Research finds mutations in SARS-CoV-2 variants that increase infection

Photo of a covid particle
Ytoyoda/Creative Commons
Researchers working for UC Berkeley's Innovative Genomics Institute and Gladstone Institutes find that mutations in the nucleocapsid protein increases the virus' transmissibility and infectivity. Photo by Ytoyoda under CC BY 2.0.

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Researchers from UC Berkeley and Gladstone Institutes identified why some variants of SARS-CoV-2, the virus that causes COVID-19, lead to increased transmission and infectivity in a study published Nov. 4.

The study was a collaboration between UC Berkeley’s Innovative Genomics Institute, or IGI, and Gladstone Institutes. Using an innovative method of studying viral particles, the researchers found that mutations in the nucleocapsid protein of the SARS-CoV-2 variants play an important role in higher transmission rates, according to Melanie Ott, director of the Gladstone Institute of Virology and co-author of the study.

“Variants, like the Delta variant, have small changes in the virus’ genetic code, leading to slightly different versions of key proteins,” said Abdullah Syed, a postdoctoral fellow at the Gladstone Institutes and co-first author of the study, in an IGI press release. “We were especially interested in looking at whether there were any changes to the genetic code that improved the efficiency of the assembly process for the virus and if that could be affecting infectivity.”

According to Syed, the researchers used virus-like particles, or VLPs, to analyze mutations in the variants. This method simulates real virus particles by expressing only four out of 26 proteins in the virus. These VLPs do not have the genome that makes them infectious, which enables researchers to safely work with them in a lab, added Taha Taha, a postdoctoral scholar at the Gladstone Institute of Virology, in the press release.

Syed noted that the use of VLPs also allowed the researchers to test mutations of proteins in the virus quickly.

The researchers made mutations to two proteins of the VLPs called the spike and nucleocapsid proteins. They discovered that mutations of the nucleocapsid protein increased the amount of RNA packaged in the particle, which is what makes the particle viral, by nearly tenfold, according to Syed.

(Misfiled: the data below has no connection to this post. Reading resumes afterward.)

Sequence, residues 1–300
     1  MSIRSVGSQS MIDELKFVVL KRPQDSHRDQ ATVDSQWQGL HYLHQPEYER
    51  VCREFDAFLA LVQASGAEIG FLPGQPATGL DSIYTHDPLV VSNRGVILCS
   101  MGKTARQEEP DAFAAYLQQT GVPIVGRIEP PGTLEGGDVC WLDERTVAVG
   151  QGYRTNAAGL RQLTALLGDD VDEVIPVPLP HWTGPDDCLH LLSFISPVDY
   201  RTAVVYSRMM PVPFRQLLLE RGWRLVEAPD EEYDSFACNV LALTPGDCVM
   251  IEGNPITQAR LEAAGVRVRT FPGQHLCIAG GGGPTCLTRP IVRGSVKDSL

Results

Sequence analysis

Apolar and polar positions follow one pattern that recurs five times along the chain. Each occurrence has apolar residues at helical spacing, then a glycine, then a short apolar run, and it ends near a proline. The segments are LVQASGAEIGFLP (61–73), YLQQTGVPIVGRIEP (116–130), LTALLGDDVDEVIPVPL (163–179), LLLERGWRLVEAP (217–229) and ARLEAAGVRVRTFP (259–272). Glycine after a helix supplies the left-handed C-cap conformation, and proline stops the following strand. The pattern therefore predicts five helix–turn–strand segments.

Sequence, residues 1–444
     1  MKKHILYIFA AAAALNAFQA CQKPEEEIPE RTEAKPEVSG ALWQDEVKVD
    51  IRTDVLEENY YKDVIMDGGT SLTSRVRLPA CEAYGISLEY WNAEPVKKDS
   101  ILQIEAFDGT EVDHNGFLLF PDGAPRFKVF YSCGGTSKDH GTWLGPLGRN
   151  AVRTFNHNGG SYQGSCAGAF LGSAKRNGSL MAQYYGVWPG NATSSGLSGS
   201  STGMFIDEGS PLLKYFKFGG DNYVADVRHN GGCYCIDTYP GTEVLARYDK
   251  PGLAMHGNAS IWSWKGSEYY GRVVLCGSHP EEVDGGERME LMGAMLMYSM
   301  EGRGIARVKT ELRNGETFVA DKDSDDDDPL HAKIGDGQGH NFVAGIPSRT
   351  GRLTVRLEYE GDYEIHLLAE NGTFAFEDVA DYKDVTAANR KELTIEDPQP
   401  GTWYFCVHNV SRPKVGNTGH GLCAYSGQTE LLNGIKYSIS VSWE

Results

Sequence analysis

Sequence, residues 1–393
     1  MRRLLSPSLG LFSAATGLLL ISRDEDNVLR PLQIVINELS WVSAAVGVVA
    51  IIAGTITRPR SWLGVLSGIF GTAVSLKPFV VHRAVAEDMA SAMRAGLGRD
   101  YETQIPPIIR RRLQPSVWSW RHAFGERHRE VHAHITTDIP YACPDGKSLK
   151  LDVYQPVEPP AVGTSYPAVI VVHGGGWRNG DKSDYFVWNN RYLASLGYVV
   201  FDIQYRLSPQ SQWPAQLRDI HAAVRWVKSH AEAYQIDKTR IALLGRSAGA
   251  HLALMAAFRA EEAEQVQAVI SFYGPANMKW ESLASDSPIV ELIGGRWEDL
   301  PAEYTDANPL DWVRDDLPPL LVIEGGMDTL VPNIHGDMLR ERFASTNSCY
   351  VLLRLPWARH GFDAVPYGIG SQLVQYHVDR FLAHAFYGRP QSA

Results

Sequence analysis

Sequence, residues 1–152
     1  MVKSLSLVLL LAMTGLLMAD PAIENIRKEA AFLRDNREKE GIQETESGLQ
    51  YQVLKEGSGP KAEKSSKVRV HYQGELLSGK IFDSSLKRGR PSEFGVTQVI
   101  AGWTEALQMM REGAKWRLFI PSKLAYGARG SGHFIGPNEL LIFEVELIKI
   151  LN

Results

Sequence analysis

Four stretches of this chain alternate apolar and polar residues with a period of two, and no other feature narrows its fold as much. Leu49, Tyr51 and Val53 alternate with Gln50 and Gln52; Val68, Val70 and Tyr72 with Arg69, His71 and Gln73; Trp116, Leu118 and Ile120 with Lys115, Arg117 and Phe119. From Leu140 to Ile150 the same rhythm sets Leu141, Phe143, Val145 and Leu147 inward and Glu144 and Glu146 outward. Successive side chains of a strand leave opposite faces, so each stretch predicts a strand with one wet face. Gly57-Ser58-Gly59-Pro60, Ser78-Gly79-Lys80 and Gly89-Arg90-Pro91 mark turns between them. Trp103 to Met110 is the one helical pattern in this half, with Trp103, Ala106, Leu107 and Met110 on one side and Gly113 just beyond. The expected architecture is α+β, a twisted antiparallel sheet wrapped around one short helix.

Syed added in the press release that these mutations correlate with increased rates of spread of the delta COVID-19 variant.

“This matches what has been observed in people infected with the delta variant in that they produce 10 times more virus in their nose and throat compared to people infected with the older variants,” Syed said in the press release.

To verify that the patterns found in VLPs corresponded to the behavior of the actual virus, Takako Tabata, a postdoctoral scholar at the Gladstone Institute of Virology, worked directly with cells of the delta variant and SARS-CoV-2 variants, according to the press release. Tabata noted that the mutations of the nucleocapsid protein did indeed increase the virus’ transmissibility and infectivity, matching the earlier VLPs results.

According to Syed, a key finding of the study was the usefulness of VLPs to study viral particles and identify how mutations can change their behavior. He added that this method can help inform scientists when developing drugs to fight a virus.

“VLPs make it possible to study viral assembly and examine whether mutations, drugs, or different structural proteins change the efficiency of assembly,” Syed said in an email. “We can also use this system to study viruses that have not jumped to humans yet and see if they are capable of assembling in human cells.”

Amudha Sairam is a research and ideas reporter. Contact her at [email protected] and follow her on Twitter at @AmudhaSairam.